Pressure on polluters set to grow in 2016, as year starts with storms


Creative Commons: 2008

With 2016 already forecast to be the hottest year on record, extreme weather events, like those which have battered countries across the world this New Year look set to become the new normal.

From floods in the UK to storms and unprecedented winter warmth in the US, forest fires in Australia and a North Pole ‘heatwave’, the conditions are being blamed on a record El Niño effect combined with rising global temperatures.

But while the impacts of climate change have never been so apparent, neither have the solutions, and with last month’s Paris Agreement showingleaders’ intent to achieve 100 per cent renewables, real world progress is set to gather speed.

Clean energy financing and installations will climbas fossil fuels slither, with a methane leak forcing Californians out of their homes the latest example of how dirty energy endangers health, communities and investments. And with its climate-denying lies, lobbying and greenwashing common knowledge, the big energy sector has run out of strategies to stay afloat.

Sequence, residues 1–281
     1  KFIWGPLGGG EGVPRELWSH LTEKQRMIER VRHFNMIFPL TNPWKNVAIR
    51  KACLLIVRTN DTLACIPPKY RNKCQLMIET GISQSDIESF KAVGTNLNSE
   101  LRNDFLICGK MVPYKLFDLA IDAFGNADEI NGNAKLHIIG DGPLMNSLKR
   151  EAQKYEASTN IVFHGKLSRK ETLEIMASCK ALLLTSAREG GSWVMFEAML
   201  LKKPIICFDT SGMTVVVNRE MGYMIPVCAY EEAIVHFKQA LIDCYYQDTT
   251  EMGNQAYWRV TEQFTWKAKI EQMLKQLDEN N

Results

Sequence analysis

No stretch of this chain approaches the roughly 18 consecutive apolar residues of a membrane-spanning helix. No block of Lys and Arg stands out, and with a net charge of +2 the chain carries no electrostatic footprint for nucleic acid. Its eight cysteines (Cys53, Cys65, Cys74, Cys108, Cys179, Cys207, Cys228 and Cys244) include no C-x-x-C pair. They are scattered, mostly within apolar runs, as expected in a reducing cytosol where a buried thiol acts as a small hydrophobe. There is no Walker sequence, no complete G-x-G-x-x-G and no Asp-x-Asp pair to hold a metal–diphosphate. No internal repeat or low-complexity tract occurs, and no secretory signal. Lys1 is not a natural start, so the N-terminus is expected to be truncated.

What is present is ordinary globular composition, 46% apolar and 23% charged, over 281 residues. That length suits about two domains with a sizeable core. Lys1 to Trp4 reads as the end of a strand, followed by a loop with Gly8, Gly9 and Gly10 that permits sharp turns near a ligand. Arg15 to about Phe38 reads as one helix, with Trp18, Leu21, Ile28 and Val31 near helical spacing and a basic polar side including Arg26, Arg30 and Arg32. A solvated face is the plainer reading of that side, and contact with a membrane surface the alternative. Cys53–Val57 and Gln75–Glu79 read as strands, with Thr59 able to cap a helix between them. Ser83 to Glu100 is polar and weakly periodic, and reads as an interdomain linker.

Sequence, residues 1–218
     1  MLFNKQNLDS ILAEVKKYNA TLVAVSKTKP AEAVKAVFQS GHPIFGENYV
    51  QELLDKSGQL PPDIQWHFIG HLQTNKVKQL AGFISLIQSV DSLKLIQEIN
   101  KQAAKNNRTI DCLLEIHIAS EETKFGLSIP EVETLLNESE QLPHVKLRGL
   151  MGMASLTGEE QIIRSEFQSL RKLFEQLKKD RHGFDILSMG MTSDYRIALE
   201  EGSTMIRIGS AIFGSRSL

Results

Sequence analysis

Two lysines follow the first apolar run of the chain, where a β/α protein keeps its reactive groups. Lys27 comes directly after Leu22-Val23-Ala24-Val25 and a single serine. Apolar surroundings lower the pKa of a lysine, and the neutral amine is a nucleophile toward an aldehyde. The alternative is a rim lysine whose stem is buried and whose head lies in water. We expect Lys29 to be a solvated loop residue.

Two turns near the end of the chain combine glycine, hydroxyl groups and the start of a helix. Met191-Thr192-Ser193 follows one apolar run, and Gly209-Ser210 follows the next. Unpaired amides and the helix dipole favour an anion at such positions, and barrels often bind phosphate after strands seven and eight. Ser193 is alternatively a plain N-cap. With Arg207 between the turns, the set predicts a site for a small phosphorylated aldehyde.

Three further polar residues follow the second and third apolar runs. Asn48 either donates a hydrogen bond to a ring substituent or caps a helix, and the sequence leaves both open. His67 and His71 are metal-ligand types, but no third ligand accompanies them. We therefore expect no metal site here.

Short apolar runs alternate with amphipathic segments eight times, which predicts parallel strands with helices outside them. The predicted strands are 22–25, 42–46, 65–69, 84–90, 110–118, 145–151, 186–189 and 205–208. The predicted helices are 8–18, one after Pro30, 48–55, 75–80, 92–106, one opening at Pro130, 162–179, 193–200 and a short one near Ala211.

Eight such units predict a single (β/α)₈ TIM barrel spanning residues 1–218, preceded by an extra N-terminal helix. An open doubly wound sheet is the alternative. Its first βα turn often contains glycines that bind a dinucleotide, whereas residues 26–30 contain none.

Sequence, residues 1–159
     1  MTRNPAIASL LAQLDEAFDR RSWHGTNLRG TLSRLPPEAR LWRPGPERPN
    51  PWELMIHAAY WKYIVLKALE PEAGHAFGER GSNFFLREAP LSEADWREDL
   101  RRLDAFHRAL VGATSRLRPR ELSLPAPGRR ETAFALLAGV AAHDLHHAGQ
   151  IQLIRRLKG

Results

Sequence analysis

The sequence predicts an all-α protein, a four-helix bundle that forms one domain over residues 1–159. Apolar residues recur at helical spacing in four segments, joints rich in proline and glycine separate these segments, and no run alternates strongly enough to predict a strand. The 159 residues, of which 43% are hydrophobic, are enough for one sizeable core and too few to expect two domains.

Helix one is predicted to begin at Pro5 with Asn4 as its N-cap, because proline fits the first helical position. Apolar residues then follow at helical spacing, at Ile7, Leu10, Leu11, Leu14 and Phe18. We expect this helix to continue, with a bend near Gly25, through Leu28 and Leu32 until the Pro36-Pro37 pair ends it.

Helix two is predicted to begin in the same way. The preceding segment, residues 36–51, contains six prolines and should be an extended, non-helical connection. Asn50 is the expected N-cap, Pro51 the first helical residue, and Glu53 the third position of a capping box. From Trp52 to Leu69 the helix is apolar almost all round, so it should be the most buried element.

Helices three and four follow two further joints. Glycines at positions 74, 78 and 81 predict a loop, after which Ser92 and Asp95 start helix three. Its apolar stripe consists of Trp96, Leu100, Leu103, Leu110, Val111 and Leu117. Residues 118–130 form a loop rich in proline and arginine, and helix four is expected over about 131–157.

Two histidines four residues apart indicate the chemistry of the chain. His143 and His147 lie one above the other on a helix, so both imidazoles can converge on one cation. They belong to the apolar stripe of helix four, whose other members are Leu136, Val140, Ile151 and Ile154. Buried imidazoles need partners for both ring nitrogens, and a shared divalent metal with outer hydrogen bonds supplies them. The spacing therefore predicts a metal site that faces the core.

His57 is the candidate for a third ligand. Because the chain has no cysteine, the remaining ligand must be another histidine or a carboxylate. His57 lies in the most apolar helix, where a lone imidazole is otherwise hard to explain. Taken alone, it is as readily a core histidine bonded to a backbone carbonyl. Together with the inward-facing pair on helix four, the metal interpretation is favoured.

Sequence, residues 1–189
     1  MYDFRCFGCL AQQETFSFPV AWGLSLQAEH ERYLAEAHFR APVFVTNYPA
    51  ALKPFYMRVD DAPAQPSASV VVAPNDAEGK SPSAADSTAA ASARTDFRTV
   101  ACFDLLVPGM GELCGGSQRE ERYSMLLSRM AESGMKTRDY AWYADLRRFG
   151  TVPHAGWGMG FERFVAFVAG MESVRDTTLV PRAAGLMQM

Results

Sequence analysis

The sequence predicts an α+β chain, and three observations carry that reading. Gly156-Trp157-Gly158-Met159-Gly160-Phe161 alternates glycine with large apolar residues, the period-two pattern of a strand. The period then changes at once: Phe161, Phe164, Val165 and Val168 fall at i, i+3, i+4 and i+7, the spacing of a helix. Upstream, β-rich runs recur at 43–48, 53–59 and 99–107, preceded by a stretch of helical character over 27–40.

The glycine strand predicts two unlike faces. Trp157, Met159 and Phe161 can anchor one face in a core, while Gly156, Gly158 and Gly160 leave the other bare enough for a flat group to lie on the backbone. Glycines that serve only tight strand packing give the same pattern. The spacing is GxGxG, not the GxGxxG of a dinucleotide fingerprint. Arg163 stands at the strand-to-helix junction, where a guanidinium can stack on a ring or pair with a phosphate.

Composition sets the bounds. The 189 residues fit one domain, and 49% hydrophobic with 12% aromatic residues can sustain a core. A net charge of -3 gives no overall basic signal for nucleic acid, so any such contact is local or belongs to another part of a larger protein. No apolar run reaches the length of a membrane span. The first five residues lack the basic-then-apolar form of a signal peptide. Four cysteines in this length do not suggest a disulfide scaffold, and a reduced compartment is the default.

While there are many unknowns ahead this year, what is certain is that civil society will continue to mobilise,governments crack down on coal, campaigners use the courts to impose change, and institutions and investors force polluters to come clean on their unsustainable business models. In this way, 2016 is set to bring a fully renewable energy system a big step closer.

Key Points

  • A warming planet means food shortages, droughts, unrest and suffering. The expected record-breaking global temperatures this year will have dire consequences on the world’s most vulnerable, helping disease to spread, stunting crop growth, destroying habitats and affecting water supplies. Only cutting carbon emissions and ending fossil fuel use will slow global warming and the destruction it does.

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